In honor of eating disorders awareness week, I am reposting one of Kate Daigle Counseling’s Denver Post blog posts as it is very relevent to this week’s focus: a dangerous strain of eating disorders entitled “Orthorexia”.
I thought I knew about just about every strain of eating disorder out there. As I was doing some research online, I found out that I still have a lot to learn as a counselor and as a human being. Have you ever heard of orthorexia? Didn’t think so. Do you like to eat healthily? Lots of us do; it’s one of the newest ‘fads’. But this fad might border on the line of eating disordered if we let our tendency to control of types of food we eat (in the name of ‘health’) become too central in our life. What is “orthorexia”? “Ortho” comes from the Greek term that means “right”. It is defined as a ‘different kind of eating disorder’, and the term was first used in 1997 by California doctor Steven Bratman. It is not clinically considered a medical term, but doctors and therapists are seeing more issues with obsessive control of types of food that their patients will allow themselves to eat. Bratman states that people affected by orthorexia “create severely limited diets in the name of healthy eating.” He goes on to say that for many folks it may start as a commitment to live a healthy lifestyle. As the client reads more and educates him or herself about food, they may cut out a type of food they will eat, such as red meat. Then processed foods. Eventually they will only eat certain foods prepared in a very specific way. It’s as if the Atkins diet, which was a pioneer in the cutting-out-types-of-food diet culture made it seem ‘normal’ to limit variety of foods it is okay to eat.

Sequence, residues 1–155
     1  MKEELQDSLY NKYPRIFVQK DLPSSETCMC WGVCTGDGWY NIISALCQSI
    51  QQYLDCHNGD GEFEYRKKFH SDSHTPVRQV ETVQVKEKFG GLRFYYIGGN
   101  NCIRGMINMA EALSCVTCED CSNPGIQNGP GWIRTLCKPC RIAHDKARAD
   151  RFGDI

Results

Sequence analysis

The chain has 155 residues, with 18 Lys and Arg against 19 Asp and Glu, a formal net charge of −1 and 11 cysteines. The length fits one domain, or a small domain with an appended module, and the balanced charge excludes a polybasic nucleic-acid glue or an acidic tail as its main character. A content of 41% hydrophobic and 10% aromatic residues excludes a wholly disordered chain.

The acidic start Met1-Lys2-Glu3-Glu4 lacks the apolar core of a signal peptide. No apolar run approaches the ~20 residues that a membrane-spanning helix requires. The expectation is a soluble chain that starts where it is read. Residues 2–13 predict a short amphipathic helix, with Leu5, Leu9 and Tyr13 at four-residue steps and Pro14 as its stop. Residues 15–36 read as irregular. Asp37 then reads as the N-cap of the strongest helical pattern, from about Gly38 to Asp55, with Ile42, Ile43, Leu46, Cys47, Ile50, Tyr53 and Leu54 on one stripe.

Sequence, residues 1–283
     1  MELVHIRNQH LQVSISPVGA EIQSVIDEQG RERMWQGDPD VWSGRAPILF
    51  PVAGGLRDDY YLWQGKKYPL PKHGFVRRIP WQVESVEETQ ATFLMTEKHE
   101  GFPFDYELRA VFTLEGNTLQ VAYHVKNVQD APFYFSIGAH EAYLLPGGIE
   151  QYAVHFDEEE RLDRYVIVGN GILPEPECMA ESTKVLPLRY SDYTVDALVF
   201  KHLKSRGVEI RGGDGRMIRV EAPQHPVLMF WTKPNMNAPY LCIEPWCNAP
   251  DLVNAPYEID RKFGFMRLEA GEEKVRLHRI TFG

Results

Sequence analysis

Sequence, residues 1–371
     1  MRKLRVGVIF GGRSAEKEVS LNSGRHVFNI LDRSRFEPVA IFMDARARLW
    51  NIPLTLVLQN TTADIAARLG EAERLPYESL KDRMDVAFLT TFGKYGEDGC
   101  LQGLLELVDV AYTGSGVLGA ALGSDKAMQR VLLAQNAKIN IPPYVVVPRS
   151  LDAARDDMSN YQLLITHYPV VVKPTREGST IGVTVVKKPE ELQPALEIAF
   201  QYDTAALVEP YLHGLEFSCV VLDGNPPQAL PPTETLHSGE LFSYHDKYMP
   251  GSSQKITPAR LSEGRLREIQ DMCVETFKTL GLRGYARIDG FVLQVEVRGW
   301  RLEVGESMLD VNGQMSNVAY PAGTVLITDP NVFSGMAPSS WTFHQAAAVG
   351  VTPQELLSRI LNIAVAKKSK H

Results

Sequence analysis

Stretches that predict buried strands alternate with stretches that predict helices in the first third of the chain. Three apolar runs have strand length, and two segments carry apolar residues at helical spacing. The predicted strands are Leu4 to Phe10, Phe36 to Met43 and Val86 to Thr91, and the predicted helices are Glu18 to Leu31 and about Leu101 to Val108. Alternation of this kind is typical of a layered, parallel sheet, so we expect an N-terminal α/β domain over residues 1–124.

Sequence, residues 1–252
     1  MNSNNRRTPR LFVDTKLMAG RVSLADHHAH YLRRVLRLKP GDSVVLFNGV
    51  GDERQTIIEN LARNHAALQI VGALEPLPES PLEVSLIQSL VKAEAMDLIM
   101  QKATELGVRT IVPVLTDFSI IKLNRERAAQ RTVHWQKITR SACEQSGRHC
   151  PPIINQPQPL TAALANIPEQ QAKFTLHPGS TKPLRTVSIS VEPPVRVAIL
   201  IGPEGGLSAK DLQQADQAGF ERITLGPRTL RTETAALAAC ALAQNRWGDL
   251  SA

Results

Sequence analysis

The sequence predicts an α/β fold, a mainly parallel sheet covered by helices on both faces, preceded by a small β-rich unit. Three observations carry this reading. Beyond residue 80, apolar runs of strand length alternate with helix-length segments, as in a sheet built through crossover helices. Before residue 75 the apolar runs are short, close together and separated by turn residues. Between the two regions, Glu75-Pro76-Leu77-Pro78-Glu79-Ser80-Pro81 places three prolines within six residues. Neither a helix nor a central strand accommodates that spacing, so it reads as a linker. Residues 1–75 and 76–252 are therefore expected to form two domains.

How does this affect mental health? Just like all types of eating disorders, orthorexia latches on to the control aspect of our personalities. Some doctors have found it common to symptoms of obsessive-compulsive disorder, which is also common for people who are affected with bulimia or anorexia. Instead of restricting amount or bingeing and purging, people with orthorexia might spend hours fixating on finding the “right” foods and determining how they can be prepared. Like anorexia and bulimia, this can take up copious amounts of time and be very expensive. So orthorexia does not have the same health threats as other eating disorders do, but doctors fear that it can lead to the development of a more life-threatening disorder. In this way, orthorexia could be considered a screening tool for other eating disorders and, if detected, can help us find treatment for the person before it gets too serious.
The jury’s still out for me about consideration of orthorexia as a valid mental health condition. What do you think?